Scientists conducting research on the effects of oxygen supplementation on motor learning have discovered a potentially effective method for aiding individuals with neurological trauma in regaining their motor abilities. Oxygen plays a crucial role in cognitive function, with low oxygen levels impairing performance and high oxygen levels aiding in recovery. The delivery of 100 percent oxygen is already utilized to preserve brain function in patients with neurological injuries. Since motor learning heavily relies on oxygen-dependent information processing and memory functions, researchers hypothesized that supplementing oxygen during the learning phase of a motor task could enhance learning outcomes.
Dr Marc Dalecki, now at the German University of Health and Sports in Berlin, senior author of the study in Frontiers in Neuroscience said, “A simple and easy-to-administer treatment with 100 per cent oxygen can drastically improve human motor learning processes,”
To investigate this, a study was conducted with 40 participants who were divided into two groups: one receiving 100 percent oxygen and the other receiving medical air (21 percent oxygen) through a nasal cannula during the learning phase of a hand-eye coordination task. The task involved drawing lines between different targets on a digital tablet using a stylus. The researchers examined how quickly the participants could integrate information from their eyes and hands. After the participants learned the task, the alignment of the cursor and stylus was altered to assess their adaptability, and then the alignment was realigned for a final session to test their adaptability again.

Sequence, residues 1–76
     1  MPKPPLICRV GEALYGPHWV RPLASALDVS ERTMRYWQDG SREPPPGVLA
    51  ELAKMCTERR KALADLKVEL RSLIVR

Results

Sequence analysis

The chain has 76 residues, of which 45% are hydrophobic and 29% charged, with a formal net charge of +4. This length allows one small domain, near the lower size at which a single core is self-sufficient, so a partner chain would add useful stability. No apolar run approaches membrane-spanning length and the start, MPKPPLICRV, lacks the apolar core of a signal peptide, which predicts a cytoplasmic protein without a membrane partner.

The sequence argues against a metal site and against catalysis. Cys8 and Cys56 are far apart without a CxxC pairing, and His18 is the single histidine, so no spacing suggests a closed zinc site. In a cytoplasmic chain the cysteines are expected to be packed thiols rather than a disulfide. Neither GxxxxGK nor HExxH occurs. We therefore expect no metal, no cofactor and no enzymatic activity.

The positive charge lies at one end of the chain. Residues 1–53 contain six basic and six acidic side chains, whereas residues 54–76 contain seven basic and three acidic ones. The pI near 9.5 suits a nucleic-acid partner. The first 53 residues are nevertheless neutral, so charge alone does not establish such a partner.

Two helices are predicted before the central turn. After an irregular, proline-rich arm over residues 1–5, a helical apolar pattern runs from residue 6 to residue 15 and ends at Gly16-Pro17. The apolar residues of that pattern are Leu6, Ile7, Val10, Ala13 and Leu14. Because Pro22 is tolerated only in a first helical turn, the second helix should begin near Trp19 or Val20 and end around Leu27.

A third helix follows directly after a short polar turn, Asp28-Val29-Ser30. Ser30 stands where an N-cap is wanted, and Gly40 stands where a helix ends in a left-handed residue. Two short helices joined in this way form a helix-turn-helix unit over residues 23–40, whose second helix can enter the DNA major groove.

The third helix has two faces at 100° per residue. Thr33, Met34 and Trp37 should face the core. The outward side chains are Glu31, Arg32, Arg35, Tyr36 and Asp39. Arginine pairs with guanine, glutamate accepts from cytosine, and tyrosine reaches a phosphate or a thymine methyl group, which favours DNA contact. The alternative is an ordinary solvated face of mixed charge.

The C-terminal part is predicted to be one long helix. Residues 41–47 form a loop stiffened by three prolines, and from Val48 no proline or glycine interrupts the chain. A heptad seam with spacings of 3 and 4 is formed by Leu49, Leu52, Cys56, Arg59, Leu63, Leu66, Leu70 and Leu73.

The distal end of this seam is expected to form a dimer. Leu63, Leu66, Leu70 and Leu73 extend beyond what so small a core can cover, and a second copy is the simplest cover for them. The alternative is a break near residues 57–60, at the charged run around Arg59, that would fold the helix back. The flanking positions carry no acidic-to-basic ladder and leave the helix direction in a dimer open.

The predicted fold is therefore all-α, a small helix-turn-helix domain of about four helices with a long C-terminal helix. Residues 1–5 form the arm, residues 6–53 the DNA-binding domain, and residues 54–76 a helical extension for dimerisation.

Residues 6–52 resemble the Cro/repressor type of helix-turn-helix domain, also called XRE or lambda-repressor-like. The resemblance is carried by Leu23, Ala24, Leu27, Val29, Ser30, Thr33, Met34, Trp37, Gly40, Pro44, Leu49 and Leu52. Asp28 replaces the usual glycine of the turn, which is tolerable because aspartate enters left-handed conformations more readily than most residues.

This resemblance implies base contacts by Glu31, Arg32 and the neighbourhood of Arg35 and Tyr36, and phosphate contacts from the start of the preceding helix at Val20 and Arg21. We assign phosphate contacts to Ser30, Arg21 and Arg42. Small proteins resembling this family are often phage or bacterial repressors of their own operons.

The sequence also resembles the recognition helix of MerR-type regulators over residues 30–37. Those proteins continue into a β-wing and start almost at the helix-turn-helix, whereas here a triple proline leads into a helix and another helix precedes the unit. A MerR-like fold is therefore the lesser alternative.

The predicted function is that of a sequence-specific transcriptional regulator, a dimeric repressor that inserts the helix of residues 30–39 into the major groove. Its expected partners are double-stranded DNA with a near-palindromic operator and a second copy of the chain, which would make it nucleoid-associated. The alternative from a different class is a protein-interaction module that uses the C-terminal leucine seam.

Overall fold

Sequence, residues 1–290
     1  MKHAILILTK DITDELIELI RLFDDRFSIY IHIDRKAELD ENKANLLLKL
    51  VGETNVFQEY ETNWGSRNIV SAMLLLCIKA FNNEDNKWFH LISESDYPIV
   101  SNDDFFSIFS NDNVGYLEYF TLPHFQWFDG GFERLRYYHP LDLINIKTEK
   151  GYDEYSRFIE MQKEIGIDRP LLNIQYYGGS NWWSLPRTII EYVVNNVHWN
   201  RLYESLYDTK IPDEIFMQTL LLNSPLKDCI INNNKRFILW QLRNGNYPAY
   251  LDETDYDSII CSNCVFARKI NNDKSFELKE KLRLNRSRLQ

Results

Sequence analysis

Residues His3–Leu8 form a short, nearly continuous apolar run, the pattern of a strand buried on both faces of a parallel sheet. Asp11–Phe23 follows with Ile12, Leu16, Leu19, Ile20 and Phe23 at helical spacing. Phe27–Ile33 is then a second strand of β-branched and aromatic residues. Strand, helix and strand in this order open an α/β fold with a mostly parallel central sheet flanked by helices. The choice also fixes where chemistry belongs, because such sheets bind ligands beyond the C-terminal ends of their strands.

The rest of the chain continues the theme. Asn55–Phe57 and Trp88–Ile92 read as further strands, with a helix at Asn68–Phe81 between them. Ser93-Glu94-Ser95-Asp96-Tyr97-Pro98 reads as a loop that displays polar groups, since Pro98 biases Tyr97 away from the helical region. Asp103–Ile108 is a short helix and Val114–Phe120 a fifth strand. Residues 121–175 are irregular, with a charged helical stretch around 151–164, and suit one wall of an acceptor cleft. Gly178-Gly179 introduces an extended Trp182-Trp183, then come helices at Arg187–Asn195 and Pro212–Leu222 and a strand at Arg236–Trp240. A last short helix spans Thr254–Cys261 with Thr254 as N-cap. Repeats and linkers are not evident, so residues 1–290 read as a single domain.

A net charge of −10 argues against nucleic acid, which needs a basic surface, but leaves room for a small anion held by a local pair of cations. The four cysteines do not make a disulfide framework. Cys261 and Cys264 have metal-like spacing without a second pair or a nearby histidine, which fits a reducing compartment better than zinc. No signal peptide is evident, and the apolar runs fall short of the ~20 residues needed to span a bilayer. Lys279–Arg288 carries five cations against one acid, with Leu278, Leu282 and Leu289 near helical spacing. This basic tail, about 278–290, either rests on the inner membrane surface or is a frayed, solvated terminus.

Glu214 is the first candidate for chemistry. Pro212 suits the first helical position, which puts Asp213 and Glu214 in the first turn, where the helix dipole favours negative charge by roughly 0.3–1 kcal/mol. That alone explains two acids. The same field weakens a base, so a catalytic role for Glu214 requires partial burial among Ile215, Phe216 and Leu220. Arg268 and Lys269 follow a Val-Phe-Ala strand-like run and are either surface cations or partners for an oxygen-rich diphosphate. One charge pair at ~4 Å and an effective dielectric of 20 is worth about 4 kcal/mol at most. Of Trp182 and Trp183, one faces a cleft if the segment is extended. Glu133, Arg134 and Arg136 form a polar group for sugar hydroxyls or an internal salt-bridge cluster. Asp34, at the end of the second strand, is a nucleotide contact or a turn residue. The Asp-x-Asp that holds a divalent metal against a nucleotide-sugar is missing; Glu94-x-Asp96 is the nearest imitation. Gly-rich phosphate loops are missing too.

Dalecki, who led the experimental research at the School of Kinesiology at Louisiana State University said “I had this idea in my mind for almost a decade and promised myself to investigate it once I got my own research lab. And with Zheng Wang, now Dr Zheng Wang, I had the perfect doctoral student to run it – a keen physiotherapist with a clinical background and stroke patient experience.”
The study found that the participants who received oxygen during the learning phase demonstrated faster learning and better performance. These improvements extended to later sessions of the task when oxygen was not administered. The oxygen group exhibited smoother and more accurate movements with the stylus, and they adapted more quickly when the cursor was deliberately adjusted to challenge them. Additionally, they made larger errors when the alignment of the stylus was corrected, indicating that they had integrated the previous alignment more thoroughly than the group that did not receive oxygen.
“The oxygen treatment led to substantially faster and about 30% better learning in a typical visuomotor adaptation task,” said Wang, first author of the study and now at the Mayo Clinic in Rochester. “We also demonstrate that the participants were able to consolidate these improvements after the termination of the oxygen treatment.”
The researchers, Dalecki and Wang, plan to further investigate the long-term effects of oxygen supplementation on learning and test the intervention with other motor learning tasks. It is possible that the specific brain functions involved in this particular task benefit from high ambient oxygen levels, leading to the observed performance advantages. The researchers hope to eventually apply oxygen treatment to elderly and injured individuals to aid them in relearning motor skills.
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